No Longer Receiving Vitality From The Gimel Klippos Temeyos
Rabbi Dovid Sears commenting on "A Waiting Controversy":
This is a very mysterious distinction. We observe many Jews who seem to be quite "unspiritual" and unenlightened, many non-Jews who seem to be highly spiritual and wise, with every possible combination in the middle.
I think the key to this mystery is the Zohar's teaching, which is explained by Rav Chaim Vital, that one internalizes the various higher levels of the soul through Torah and avodah and acts of chesed, etc. Then these divine potentials become part of who "we" are in the here and now.
Same thing for gentiles. If they are pursuing materialistic goals, the nefesh is what animates them and their approach to life. If they are morally and spiritually advanced, they receive higher capacities.
Thus, one who observes the Noachide laws (i.e., who is a moral person in the most basic sense) no longer receives his or her vitality from the Gimel Klippos Temeyos but from the next higher level; and on and on.
As Tanna Devei Eliyahu states in the name of Hashem: "I will put My spirit on anyone, Jew or gentile, man or woman, slave or handmaid -- it all depends upon one's deeds!"
The Tiferes Yisrael (Rabbi Yisrael Lifshutz, 19th century) also takes a more inclusive stance, counting those who benefit humanity among the "chasidei umos ha-olam," righteous gentiles, apparently even if they are not so perfect in heeding all of the Noachide laws. (For example, I don't think Sir Francis Drake, whom he lauds for introducing the potato to Europe, thus saving millions of people, was such a paragon of virtue in other areas of his life.)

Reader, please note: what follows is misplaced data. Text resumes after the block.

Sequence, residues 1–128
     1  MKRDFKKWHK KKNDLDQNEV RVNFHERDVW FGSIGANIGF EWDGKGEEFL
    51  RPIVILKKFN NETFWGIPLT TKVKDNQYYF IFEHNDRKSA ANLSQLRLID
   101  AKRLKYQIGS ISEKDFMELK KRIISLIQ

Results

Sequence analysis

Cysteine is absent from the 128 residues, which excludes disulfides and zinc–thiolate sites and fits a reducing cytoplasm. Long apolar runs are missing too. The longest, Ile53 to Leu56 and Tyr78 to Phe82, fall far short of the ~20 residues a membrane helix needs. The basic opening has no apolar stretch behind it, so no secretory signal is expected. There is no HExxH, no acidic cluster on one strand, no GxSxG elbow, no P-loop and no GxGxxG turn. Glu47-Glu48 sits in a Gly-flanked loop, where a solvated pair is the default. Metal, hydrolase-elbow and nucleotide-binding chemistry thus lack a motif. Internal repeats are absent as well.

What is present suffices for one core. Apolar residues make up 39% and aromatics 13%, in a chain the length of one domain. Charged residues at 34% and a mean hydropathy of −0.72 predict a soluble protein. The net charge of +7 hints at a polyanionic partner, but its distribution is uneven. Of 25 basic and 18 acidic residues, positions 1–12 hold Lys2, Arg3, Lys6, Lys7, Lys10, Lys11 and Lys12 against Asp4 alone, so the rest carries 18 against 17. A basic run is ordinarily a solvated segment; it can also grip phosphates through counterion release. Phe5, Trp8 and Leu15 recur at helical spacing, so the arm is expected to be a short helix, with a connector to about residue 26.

As in almost all things in Judaism, there is a range of views about this issue. As Rav Moshe Cordovero states again and again, citing numerous referents, God cares for all of His creatures, all have worth in His sight, and we are supposed to emulate that divine love. Rav Chaim Vital says the same thing. Ditto Rav Pinchos Eliyahu of Vilna, author of Sefer HaBris. Ditto Rav Kook, and countless others. If all non-Jews were "monsters," how could be encouraged to love and respect them?
As for "true altruism" -- how many of us ever do anything that is purely unselfish? The saintly Chofetz Chaim berated himself that he was not free from the least taint of self-concern -- how much more does this reproach apply to the rest of us?